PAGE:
In most cases, you’ll want to close deals either in person or on the telephone. It’s more personal and more likely to work. And you’ll know, right away, whether you’ve got the business. Even so, it’s sometimes more convenient to ask for the business via email. Here’s a simple seven-step process for writing an email that can actually close:
Step No. 1. Define the problem, need, or goal. In one to two sentences, show the prospect that you understand the business situation on the basis of your original research and previous conversations with the prospect. Example: "You have shared with us that excess inventory at your Sheboygan plant is reducing the profitability of wholesale operations. However, our research indicates that the plant in question shares many characteristics of your competitors’ most successful operations." Step No. 2: Define the desired outcome. In one to three sentences, explain what will be different when that problem is solved, that need is fulfilled, or that goal is achieved. Focus on the customer and the advantages the customer will gain from implementing your as-yet-undescribed solution. Example: “Based upon our best understanding of industry norms, improving inventory control at Sheybogan will decrease the cost of goods in the range of 20 to 25 percent, adding a yearly increase in net profit of roughly $25 million.” Step No. 3: Define the solution. In two to three sentences, provide a BRIEF overview of the solution you're proposing, tying the solution back the customer's problems, needs, or goals (as defined in Step No. 1) AND to the desired outcome (as defined in Step No. 2). Avoid jargon and biz-blab. Instead, use words that a nontechnical decision maker can understand. Example: “We can customize our control software to allow you to more quickly use your existing inventory, thereby saving $10 million per year in floor-space rental.” Step No. 4: Position for the close. In one to two sentences, provide a key factor that differentiates you as a vendor and that makes you the right company for the prospect to choose. Example: “Our inventory control solution was recognized in the annual report of Acme Corp. as being responsible for their increased profitability, and we’re certain that we can do the same for your firm. We look forward to working with you." Step No. 5: Ask for the next step. In one final sentence, describe the next step that will make the opportunity real (i.e., the close). Example: “Feel free to contact me if you have any questions, or simply send a return email, and we’ll put the customization work on our schedule.” Step No. 6: Compose your subject line. Given what you wrote in Step No. 2, write a crisp summary of the desired outcome. Example: “Profitability Increase at the Sheybogan Plant” Step No. 7: Structure the email. Put the subject line from Step No. 6 in the subject line of the email (duh!). Everything else goes into the body of the email, in the exact order (Steps No. 1 through No. 5) in which you wrote them. Don’t forget to sign your name at the bottom.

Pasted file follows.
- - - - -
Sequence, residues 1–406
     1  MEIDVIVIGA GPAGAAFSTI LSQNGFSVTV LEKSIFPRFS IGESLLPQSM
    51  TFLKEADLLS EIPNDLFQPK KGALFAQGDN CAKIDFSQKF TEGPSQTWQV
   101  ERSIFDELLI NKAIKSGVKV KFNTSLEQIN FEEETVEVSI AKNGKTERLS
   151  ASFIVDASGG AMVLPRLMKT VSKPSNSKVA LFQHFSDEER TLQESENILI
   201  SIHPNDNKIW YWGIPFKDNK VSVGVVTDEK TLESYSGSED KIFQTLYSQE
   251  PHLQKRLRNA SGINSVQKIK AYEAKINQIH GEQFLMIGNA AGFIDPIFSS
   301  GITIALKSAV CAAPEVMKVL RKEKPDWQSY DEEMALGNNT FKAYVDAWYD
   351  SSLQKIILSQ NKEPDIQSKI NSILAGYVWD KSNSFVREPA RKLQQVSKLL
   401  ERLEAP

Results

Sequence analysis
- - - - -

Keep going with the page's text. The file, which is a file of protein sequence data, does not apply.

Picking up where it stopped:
Just as important as what you DO put in the email is what you DON’T. Here’s what you MUST leave out:
Your corporate history, motto, values, etc. Technical details about the solution.
The reason is simple. If you’re going to CLOSE via email, you must have already worked out all of that with the prospect ahead of time. An email that CLOSES must build upon an existing relationship, where there’s already been a fundamental meeting of the minds.
Key concept: If you’re still talking technical details and price, you’re not ready to close.
NOTE: The above is adapted from a conversation I had with the amazing Tom Sant, author of Persuasive Business Proposals (Amacom, 2003), tempered by my own extensive experience of closing business using email. (One guess how I closed the deal on this writing gig...)